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World Parks Congress: Ali Bongo Ondimba announces creation of a network of marine parks
At the World Parks Congress, the decennial meeting of environmental policy decision-makers, the Gabonese head of state, patron of the Congress, shared his decision for Gabon to create a network of marine parks in which no commercial fishing will be authorized.

The sustainable management of ocean territory, the sanctuary of Gabon Bleu, deserves as much attention as the vast green forests. Addressing the hundreds of top political and scientific leaders gathered in the Australian economic capital, Ali Bongo Ondimba announced the marine park boundaries, which will make the territorial waters and the EEZ go from 1% to 23% of the protected ocean territory. This is a decision that meets recommendations from marine biologists in order to maintain biodiversity. “Within this network,” emphasized the congress’s distinguished visitor, “no commercial fishing will be authorized. This includes an extension of 27,000 square kilometers of Mayumba National Park, extending to the limits of our exclusive economic zone.”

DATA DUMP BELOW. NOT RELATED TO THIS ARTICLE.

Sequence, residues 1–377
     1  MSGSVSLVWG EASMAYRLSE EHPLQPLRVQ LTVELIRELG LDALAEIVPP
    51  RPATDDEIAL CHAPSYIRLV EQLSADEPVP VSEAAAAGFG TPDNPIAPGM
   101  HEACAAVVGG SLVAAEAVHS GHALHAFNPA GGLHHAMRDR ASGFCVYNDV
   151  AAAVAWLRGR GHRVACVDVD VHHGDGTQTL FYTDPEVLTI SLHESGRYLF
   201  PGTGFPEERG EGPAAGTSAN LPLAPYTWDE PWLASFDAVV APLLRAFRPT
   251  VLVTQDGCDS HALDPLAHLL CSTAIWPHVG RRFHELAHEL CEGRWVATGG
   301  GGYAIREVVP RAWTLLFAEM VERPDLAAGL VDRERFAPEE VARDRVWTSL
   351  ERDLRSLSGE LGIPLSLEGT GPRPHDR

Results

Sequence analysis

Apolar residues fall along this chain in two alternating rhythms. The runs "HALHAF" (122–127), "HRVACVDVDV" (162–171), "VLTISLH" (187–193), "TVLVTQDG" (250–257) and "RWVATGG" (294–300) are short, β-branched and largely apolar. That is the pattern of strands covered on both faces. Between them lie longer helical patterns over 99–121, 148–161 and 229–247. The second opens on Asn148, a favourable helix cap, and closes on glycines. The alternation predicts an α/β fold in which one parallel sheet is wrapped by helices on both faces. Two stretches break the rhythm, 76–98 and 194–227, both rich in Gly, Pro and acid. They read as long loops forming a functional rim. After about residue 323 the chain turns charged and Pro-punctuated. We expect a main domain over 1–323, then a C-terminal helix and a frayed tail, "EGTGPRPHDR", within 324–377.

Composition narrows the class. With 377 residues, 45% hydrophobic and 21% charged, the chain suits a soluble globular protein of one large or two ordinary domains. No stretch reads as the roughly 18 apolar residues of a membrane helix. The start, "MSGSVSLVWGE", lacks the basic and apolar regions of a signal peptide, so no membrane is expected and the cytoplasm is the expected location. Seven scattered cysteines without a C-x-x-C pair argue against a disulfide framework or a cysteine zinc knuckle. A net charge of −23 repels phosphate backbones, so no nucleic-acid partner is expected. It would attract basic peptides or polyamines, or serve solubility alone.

A delicate balance needs to be found. “The rest of the exclusive economic zone,” the President of the Republic continued, “will be divided into community and commercial fishing areas and petrol exclusion areas where industrial fishing will not be authorized near strategic economic infrastructures. We have already taken measures to eliminate illegal fishing in our territorial waters. We are currently planning to extend these actions within the limits of our exclusive economic zone.”

In the presence of the large conservation and development decision-makers gathered for the opening of the international conference, the President of the Republic specified again that the objective was “to manage representative portions of all distinct land units in Gabon in order to protect all the wild species which whose conservation is important.” Therefore, the thirteen existing parks will be joined by six “Ramsar” sites (the convention on internationally significant wetlands), bringing the total coverage of protected areas to 21% of Gabonese territory. 
The climate plan, the fight against poaching, the creation of a department in charge of sustainable development in each ministerial department, the implementation of a national land assignment plan, the launch of Gabon Bleu, the initiative to protect the elephant and, very recently, the “Climate Initiative of the South” planned for March 2015 all bear witness to a very high-level commitment from the state. 
Finally, Ali Bongo Ondimba recalled the urgency required to “support women and men who dedicate their lives to protecting our parks” in order to reach international objectives in the protection of biodiversity and to “preserve the entire planet.”
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